Brick and mortar buildings like this, this, and this are a common sight in post-Soviet cities. They are colloquially called transformer booths because they house transformer (sub)stations. They are not all ugly but it’s understandable that some people would rather see them painted in bright colors, especially in winter.
Like this one (here’s an earlier version of its graffiti). The four sides of the “booth” depict the main University building, the restored Christ the Savior cathedral, the new business district known as Moscow City, and a view of old Moscow. This cityscape happens to be based on Apollinary Vasnetsov‘s 1922 watercolor, The heyday of the Kremlin. All Saints Bridge and the Kremlin at the end of the XVII century.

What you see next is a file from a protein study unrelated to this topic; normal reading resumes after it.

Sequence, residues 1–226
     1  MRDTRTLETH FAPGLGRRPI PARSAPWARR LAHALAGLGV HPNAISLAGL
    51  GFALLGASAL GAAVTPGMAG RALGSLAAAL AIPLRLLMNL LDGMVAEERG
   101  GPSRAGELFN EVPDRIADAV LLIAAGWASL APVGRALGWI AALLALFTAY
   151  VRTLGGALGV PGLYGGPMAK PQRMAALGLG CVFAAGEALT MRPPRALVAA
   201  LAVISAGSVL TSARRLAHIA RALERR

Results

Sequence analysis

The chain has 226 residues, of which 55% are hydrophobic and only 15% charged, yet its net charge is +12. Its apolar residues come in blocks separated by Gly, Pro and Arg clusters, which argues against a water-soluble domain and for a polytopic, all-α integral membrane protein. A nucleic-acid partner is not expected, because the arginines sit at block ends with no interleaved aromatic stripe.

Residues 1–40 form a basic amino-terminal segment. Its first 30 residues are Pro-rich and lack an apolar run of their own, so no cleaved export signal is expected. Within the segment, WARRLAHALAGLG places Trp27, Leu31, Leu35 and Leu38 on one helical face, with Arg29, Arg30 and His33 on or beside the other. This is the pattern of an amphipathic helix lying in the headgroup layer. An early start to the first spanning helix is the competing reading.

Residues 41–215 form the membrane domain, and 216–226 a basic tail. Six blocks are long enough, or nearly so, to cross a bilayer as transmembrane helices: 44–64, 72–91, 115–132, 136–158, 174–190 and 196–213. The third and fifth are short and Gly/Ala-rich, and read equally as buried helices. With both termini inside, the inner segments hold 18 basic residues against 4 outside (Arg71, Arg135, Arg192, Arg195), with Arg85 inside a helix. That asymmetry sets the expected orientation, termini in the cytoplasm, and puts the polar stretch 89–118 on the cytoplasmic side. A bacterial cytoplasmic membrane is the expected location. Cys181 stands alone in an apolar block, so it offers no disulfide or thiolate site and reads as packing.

If you zoom in and take a closer look at this image, you’ll see two words inked on the white wall to the right of the small white building with a triangular roof. They can be translated as “f-ck archaicity” or, less awkwardly, “down with the archaic!” As in “down with the old and up with the new.” Someone took the pains to write that, making their message visible without defacing the painted image.